Cut TV (even if you only save $10 per money) put that towards student loans. The amount you were paying on gas is a joke. I would apply all of your emergency fund money except maybe $1000 towards paying-down your student loans. Oh yeah, and that $150/month for cell phones, seriously? WTF. With all this money you have, these loans shouldn’t stand a chance against you. After all this extra money going towards the loans, you should be gone with them in a year or two. Remember, student loans do not disappear in bankruptcy, they are with you for life until they are paid off.

    Is your house worth anything more than what you owe on it. If so, try to sell it and apply that money towards the student loans.

    See only through this 100% pure focus are you going to kill that beast off fast. Also with all these early payments, your month student loan payment will still be the same but you will also notice that the portion of that payment going towards paying principal will also very rapidly rise.

    Once the student loan is gone (and it will be soon if you put everything you can towards it), then focus on your next goal (probably a downpayment for a house near your jobs and kids). At this point, you will be about 30 years old, and can you apply all the money you saved from your now paid-off student loans towards savings for a house.

    Also you can then start your retirement 401k withdraws again, later on you can put in extra to the 401k to make up for what your skipped for the first two years in paying off that student loan. I would not even think about investing at all until at least you have a house with no other debt, and probably you should not even invest at all until your mortgage is fully paid off as well.

    See you cannot be paying out your money 800 different ways and ever expect to get anywhere. Remember 100% focus on one thing. Do a quick kill of the student loan and move on with your life.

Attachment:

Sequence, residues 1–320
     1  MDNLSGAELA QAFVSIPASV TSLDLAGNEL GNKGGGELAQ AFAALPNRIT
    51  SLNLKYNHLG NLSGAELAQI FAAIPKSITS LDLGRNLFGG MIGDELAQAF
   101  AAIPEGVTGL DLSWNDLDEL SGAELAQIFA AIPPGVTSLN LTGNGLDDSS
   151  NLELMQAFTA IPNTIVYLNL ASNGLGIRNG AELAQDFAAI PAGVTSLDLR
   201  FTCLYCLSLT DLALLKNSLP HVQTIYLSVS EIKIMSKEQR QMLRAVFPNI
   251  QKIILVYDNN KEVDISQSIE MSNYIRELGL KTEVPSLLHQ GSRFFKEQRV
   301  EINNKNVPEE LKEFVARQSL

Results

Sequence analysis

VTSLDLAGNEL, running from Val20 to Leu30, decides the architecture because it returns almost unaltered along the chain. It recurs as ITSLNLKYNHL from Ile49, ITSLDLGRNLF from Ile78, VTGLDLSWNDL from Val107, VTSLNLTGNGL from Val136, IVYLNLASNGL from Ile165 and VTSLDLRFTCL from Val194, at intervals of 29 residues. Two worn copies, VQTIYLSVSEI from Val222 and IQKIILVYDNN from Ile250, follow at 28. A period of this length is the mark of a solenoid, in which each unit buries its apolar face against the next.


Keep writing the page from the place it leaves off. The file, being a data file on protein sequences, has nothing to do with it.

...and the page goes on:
Don’t listen to these people who talk this: “ooo this investment pays 5% and the loan interest is only 3% thus, put the money towards investments instead, yeah im so cool, I am so sophisticated and smart because I figured out that 5% is greater that 3%” Forget all that because when you pay that beast of a student loan off, its like a huge weight has just been lifted from your shoulders. You never get the same sense of happiness when you have 100k in investments but 120k in student loans. Its complicated to write about why this is, its just something you feel.

    Reply
  • John September 18, 2012, 4:47 am

    MMM–your are dead wrong to suggest this family would have $100k left for savings on a $157k gross income. You are not accounting for living expenses. Please do the math.

    Reply
    • Mr. Money Mustache September 18, 2012, 3:03 pm

      Wow, it’s not every day I hear from a person who is so much better at early retirement math than me! You must have retired at 15 years of age, to be able to cut up my own calculations with such confidence.

      I have a better idea: instead of me doing the math, how about you do it. Double-income family with no kids and $157k gross, living in CO for the sake of having a typical state income tax rate. Both maxing out 401ks every year so the first $34,000 of savings is tax-free and taking the standard deduction of $11,900 on top of that.